As long as there is no law, the criminals will continue to act with impunity. We also need a social reform movement against the caste, communal, and patriarchal system and values to form a responsible civil society.
A woman deciding her own life partner is still not acceptable in our society
Co-Founder, Dhanak, an organisation for inter-caste/inter-faith marriages
The government has completely overlooked its role in marriage registration and the subsequent protection of couples who choose to marry with a person of their choice. The issue needs immediate attention. A judgment of the High Court in Chandigarh provided protection and safe homes for such couples in the states of Haryana and Punjab. Such measures could greatly help reduce suicides and violence against these couples, especially in Delhi.
Changes in state rules related to marriage registration and solemnisation will make things simpler for couples in need.
Although Ankit’s case has been given a communal colour, honour killings are often perpetrated within the same community. Honour killing is about privilege, not religion.
Even present day India is not prepared for the right to choose one’s own life partner. The moment the girl decides who she wants to marry, it becomes difficult for family to accept. It varies from case to case but caste and religion have been used as excuses to stop such marriages and justify honour killings.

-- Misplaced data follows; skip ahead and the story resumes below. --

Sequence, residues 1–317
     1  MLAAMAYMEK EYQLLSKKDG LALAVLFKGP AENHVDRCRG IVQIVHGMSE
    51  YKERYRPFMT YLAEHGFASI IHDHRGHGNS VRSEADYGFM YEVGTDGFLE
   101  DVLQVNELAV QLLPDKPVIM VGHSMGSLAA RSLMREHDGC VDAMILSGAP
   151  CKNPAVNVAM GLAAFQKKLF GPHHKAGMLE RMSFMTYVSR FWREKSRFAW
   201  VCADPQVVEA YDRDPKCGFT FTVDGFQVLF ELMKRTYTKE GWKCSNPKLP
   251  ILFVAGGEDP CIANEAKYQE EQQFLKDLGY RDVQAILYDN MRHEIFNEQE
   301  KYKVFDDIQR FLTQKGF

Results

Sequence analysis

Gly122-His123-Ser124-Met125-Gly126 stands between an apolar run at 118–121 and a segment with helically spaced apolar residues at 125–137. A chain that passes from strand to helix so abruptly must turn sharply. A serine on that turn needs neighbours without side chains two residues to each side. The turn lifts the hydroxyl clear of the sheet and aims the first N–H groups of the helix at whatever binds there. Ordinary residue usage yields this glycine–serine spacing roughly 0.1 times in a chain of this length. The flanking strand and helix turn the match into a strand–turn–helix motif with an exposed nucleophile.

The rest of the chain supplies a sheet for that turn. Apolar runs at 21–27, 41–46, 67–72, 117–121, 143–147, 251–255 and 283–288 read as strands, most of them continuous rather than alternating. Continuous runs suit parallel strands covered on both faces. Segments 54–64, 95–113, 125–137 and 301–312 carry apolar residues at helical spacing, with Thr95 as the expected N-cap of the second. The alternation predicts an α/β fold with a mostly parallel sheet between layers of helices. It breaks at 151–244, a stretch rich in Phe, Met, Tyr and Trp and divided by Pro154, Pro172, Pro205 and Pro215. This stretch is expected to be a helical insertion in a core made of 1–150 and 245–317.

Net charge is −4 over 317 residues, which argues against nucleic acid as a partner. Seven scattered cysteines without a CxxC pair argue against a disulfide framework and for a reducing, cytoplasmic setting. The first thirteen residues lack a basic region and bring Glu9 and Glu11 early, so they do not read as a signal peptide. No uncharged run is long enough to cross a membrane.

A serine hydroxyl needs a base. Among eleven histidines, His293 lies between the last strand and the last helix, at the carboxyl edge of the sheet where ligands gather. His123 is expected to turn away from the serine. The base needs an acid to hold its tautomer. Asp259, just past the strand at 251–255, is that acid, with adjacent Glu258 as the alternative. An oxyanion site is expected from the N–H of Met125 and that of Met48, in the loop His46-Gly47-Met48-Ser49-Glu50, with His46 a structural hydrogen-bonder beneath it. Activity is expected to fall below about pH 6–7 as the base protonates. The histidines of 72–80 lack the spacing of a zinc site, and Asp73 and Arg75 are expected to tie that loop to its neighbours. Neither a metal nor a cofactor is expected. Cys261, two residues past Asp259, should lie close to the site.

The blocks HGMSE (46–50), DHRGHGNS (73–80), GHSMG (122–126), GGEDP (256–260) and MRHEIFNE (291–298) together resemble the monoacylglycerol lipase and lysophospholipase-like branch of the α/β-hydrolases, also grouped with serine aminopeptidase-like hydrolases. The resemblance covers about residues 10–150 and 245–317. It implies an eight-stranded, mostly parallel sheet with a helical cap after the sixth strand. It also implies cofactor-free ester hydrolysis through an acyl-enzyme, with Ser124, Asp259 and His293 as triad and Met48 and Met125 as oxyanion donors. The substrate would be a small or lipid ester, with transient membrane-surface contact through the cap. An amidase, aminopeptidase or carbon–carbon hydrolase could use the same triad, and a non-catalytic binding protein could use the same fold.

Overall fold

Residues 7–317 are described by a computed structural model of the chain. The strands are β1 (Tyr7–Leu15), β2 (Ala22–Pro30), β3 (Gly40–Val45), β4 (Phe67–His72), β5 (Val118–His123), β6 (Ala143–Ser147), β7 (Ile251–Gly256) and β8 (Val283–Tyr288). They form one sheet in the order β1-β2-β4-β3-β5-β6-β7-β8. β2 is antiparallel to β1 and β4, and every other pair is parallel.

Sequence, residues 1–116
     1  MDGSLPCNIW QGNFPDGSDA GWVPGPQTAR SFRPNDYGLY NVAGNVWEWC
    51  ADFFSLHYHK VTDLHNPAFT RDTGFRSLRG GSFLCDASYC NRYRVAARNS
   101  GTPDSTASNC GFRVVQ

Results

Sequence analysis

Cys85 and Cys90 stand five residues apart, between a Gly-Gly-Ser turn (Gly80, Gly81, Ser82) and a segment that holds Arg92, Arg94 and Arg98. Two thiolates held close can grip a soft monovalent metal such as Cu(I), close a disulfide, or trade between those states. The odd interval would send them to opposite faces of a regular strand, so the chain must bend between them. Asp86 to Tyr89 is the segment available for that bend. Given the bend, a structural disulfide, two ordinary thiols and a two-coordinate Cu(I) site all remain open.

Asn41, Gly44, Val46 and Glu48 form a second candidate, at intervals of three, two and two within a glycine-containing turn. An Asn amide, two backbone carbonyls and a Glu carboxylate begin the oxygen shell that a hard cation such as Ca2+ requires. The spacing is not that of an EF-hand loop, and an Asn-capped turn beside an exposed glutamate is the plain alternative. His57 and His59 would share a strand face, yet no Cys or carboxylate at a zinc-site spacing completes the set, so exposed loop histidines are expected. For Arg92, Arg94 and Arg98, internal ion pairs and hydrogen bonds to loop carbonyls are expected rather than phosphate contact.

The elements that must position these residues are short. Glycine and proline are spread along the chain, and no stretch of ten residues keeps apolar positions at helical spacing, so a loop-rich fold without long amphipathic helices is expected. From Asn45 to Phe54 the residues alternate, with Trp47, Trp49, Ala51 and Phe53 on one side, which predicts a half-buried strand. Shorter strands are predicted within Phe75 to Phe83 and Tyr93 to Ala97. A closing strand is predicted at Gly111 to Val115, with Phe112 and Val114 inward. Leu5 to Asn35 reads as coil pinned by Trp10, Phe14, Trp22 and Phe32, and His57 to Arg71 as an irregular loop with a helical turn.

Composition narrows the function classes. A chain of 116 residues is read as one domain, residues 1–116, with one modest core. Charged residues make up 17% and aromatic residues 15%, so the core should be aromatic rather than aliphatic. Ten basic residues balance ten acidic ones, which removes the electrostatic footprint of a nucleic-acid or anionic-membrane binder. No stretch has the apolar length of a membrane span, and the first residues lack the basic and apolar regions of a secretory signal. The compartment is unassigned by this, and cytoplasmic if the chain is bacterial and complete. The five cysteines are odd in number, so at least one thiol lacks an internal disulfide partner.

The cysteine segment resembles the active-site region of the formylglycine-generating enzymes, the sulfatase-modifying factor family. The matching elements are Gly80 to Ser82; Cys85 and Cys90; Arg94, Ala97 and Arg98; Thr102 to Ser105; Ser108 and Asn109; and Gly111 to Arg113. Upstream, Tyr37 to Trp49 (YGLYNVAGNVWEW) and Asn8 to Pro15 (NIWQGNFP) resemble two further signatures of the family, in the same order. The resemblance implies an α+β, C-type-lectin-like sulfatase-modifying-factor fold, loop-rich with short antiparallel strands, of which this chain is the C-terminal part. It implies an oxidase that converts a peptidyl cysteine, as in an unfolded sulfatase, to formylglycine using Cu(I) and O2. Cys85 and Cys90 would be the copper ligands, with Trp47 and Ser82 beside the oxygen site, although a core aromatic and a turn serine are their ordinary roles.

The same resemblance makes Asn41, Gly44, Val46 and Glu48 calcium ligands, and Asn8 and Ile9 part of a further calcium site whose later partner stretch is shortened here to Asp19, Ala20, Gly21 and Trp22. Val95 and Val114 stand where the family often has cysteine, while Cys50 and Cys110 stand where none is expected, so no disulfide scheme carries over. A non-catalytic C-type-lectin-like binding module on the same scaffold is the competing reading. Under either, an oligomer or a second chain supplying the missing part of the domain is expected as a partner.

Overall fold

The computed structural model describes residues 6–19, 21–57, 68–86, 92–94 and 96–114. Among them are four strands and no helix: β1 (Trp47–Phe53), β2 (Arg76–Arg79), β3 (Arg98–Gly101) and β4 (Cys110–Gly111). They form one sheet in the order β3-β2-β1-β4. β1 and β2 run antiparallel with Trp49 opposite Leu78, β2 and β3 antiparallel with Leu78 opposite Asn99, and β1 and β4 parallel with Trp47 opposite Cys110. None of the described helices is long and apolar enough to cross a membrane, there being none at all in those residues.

A woman deciding her own life partner is not acceptable in our society.
The Special Marriage Act is the only civil marriage law available in India. It has nothing to do with religion or caste. Unfortunately, the period of notice for 30 days pushes the couple to have religious marriage instead. Either the man or the woman has to convert in case of such a religious marriage.
It has draconian provisions like a 30-day notice period where the declaration of the couple’s marriage is posted in a conspicuous place. Notices are sent to various offices. Intended marriage notices are even sent to the girl’s family (barring Delhi and Mumbai). In Uttar Pradesh, local intelligence unit (LIU) come and intimidate the family. They raise questions about why the woman is doing such a thing and say things like if she were my daughter I’d kill her. In Gurgaon and Faridabad, the marrying couple has to publicise in a newspaper before registration of their marriage. All these archaic norms are designed to discourage people from using the Special Marriage Act.
This is symptomatic of a patriarchal society. Caste and society have existed for millennia. Dhanak has tried to address the issue both — socially and legally. One needs to start by making the couples feel more confident about themselves and get rid of any residual guilt and shame. They need a support system.
The government needs to focus on schemes to make these couples, who are citizens of this country and constitutionally entitled to choose their own life partners, feel safe and less vulnerable.
Even Supreme Court protection isn’t enough for such couples
Chairman, World Human Rights Council, lawyer fighting honour killing cases
Honour killings are dastardly and ought to be condemned by everybody. Such practices are not acceptable in a civil society, it is a barbaric approach to dealing with inter-faith and inter-caste couples. Anyone adopting this form of violence should be given an exemplary punishment.